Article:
The Cardiology Consult Service was asked to evaluate a postoperative 65-year-old male who underwent a hemicholectomy for recurrent GI bleeding. During the operation he had an episode of hypotension with a systolic blood pressure that decreased into the 70s that lasted approximately 20 minutes; blood pressure normalized after administration of fluids. The postoperative ECG showed nonspecific ST-T abnormalities with 0.5 mm ST downsloping depression in leads V 5-6, different from his preoperative ECG. Serial cardiac markers were sent immediately after surgery, 6, 12 and 18 hours postoperatively.
Consultation was requested due to an elevated TnT.
Preoperatively, the patient had normal functional status. He did not exercise regularly but was able to do his daily activities without difficulty. No prior cardiac evaluations were performed other than an ECG, which demonstrated LVH with minor ST-T changes.
Past Medical History: No prior cardiac history; hypertension, tobacco use
Lisinopril 20 mg per day
Hydrochlorothiazide 12.5 mg daily
Physical examination at the time of evaluation;
Vital Signs BP 125/85 mmHg, HR 82 bpm, respiratory rate 16, afebrile Neck: no obvious JVD Lungs: clear, A&P Cardiac: displaced PMI laterally, RRR, normal S1 and S2, no murmurs Abdomen: midline incision with sutures, mild tenderness to palpation Extremities: pulses intact, no edema
What would be your next step to evaluate this patient?
The correct answer is: 4. Add aspirin and metoprolol when not contraindicated, start a statin, order an echocardiogram, and an outpatient stress test.
Our choice in this example is #4: Add aspirin and metopropol when not contraindicated, start a statin, order an echocardiogram, and outpatient stress test.
This patient meets the criteria of type 2 AMI as evidenced by TnT elevation and ischemic EKG changes.
There have been a number of studies that have evaluated the role of troponins after non-cardiac surgery. Initial data, derived from patients undergoing vascular surgery, who have an increased risk for having underlying CAD, demonstrated a substantial increase in long term mortality in patients who had troponin elevations after surgery.1 More recent data has corroborated these studies.2,3 A recent large study that included patients undergoing non-cardiac, non-vascular surgery found that even minor elevations in TnT (using the same assay as the patient in this case) demonstrated an increased risk of mortality for even minor elevations.4 In this study, low TnT values just above the 99th percentile were associated with four fold increase in overall mortality.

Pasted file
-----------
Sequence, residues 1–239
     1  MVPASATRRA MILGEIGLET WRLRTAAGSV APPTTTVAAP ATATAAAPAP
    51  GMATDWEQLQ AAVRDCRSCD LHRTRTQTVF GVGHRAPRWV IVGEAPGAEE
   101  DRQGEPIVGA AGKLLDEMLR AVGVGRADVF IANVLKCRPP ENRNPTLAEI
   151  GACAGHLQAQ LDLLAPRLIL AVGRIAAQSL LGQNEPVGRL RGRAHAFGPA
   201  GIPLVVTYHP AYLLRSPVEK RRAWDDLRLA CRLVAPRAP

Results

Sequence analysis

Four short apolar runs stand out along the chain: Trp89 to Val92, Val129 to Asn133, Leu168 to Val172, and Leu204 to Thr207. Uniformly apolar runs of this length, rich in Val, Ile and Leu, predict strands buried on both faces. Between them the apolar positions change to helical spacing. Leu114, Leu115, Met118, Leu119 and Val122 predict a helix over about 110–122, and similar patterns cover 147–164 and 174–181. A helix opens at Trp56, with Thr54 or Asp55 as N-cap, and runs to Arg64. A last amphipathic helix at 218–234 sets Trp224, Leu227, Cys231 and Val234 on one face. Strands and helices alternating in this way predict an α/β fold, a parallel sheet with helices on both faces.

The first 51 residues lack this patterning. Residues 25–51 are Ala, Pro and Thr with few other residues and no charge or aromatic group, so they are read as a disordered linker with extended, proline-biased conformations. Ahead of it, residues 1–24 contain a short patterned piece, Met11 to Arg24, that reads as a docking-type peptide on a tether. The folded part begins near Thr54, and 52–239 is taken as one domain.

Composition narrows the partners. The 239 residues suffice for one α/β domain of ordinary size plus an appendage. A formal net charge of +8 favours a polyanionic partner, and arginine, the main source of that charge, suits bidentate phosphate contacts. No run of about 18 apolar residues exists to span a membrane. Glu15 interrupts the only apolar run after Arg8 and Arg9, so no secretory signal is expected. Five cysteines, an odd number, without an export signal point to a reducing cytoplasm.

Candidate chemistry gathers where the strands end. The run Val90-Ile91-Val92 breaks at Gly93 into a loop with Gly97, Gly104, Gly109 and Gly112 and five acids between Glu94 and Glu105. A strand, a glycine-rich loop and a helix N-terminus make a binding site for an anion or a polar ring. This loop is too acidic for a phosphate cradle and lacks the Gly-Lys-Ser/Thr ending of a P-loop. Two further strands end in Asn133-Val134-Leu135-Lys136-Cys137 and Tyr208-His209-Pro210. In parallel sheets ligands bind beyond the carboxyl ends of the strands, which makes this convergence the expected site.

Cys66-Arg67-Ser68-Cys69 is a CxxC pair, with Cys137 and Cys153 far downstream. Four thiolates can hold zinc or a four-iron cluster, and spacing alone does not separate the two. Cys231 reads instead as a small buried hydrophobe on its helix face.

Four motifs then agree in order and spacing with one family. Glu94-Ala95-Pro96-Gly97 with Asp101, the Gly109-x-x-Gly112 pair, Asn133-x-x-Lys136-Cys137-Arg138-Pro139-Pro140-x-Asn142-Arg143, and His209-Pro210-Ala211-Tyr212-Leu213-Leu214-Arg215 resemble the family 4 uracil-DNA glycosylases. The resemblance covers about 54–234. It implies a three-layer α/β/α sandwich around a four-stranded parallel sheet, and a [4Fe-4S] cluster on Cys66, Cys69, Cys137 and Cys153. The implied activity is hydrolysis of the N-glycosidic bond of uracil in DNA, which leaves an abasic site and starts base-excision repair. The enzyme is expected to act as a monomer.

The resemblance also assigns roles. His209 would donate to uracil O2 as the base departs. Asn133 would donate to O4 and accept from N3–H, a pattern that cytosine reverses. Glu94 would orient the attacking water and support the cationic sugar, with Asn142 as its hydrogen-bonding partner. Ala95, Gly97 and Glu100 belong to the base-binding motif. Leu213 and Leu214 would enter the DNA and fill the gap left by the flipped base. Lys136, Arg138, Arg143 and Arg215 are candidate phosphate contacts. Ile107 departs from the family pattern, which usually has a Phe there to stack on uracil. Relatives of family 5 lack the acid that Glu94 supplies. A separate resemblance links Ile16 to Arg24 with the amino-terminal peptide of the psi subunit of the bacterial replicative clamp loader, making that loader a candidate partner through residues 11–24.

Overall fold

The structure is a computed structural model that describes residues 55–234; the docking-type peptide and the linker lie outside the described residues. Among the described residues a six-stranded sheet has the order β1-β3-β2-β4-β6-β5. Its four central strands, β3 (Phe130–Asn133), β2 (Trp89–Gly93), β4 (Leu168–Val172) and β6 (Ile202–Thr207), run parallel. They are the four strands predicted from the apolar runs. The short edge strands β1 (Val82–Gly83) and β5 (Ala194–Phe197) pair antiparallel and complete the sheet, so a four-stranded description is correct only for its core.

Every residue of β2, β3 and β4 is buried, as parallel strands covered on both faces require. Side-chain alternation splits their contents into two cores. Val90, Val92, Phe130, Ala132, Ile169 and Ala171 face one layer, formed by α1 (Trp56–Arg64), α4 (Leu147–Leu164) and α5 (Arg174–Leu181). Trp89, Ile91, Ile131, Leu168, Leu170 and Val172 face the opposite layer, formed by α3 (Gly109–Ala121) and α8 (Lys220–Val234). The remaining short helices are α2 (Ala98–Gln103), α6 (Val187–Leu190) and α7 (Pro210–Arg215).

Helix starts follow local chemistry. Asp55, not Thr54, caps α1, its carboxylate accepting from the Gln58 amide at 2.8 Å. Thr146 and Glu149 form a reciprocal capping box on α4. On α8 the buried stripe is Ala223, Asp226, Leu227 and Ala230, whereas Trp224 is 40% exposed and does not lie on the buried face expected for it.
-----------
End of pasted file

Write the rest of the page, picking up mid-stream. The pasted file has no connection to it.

The appropriate evaluation of an asymptomatic patient with an Tn elevation after non-cardiac surgery is unclear. Elevations after surgery are likely multi-factoral. In a small subset, plaque rupture with subsequent vessel occlusion can occur, resulting in ST elevation (Type 1 MI5). More commonly, Tn elevations likely reflect Type II MI, in which the patient has stable coronary disease, but an episode of hypotension or tachycardia may result in demand ischemia and subsequent Tn elevation and MI.5
In this patient troponin sampling was ordered primarily because of the asymptomatic hypotension, a condition commonly associated with subsequent MI.2 Although it is clear that such troponin elevations are a marker for increased mortality, in an asymptomatic patient, coronary angiography in the absence of ECG changes or marked elevation of cardiac markers would seem inappropriate.
However, standard secondary prevention measures should be considered for most patients, as they may improve outcomes.3 This would include aspirin (once the risk of bleeding is reduced), statins (have been shown to substantially reduce mortality, although the mechanism is controversial) and adding a beta-blocker for patients who can tolerate it. Assessment of LV function can be useful in assisting in determining what medications can be used and how rapidly they can up titrated. In addition, demonstration of segmental wall motion abnormalities would increase the likelihood and suspicion that the patient did have underlying coronary disease and that indicates further evaluation, such as stress testing, would be warranted.
Landesberg G, Shatz V, Akopnik I, Wolf YG, Mayer M, Berlatzky Y, Weissman C, Mosseri M. Association of cardiac troponin, CK-MB, and postoperative myocardial ischemia with long-term survival after major vascular surgery. J Am Coll Cardiol 2003;42:1547-54.
Levy M, Heels-Ansdell D, Hiralal R, Bhandari M, Guyatt G, Yusuf S, et al. Prognostic value of troponin and creatine kinase muscle and brain isoenzyme measurement after noncardiac surgery: a systematic review and meta-analysis. Anesthesiology 2011;114:796-806.
Devereaux PJ, Xavier D, Pogue J, Guyatt G, Sigamani A, Garutti I, et al. Characteristics and Short-Term Prognosis of Perioperative Myocardial Infarction in Patients Undergoing Noncardiac Surgery: A Cohort Study. Ann Intern Med 2011;154:523-8.
Devereaux PJ, Chan MT, Alonso-Coello P, Walsh M, Berwanger O, Villar JC, et al. Association between postoperative troponin levels and 30-day mortality among patients undergoing noncardiac surgery. JAMA 2012;307:2295-304.
Thygesen K, Alpert JS, Jaffe AS, Simoons ML, Chaitman BR, White HD; Writing Group on behalf of the Joint ESC/ACCF/AHA/WHF Task Force for the Universal Definition of Myocardial Infarction. Third universal definition of myocardial infarction. J Am Coll Cardiol 2012;60:1581-98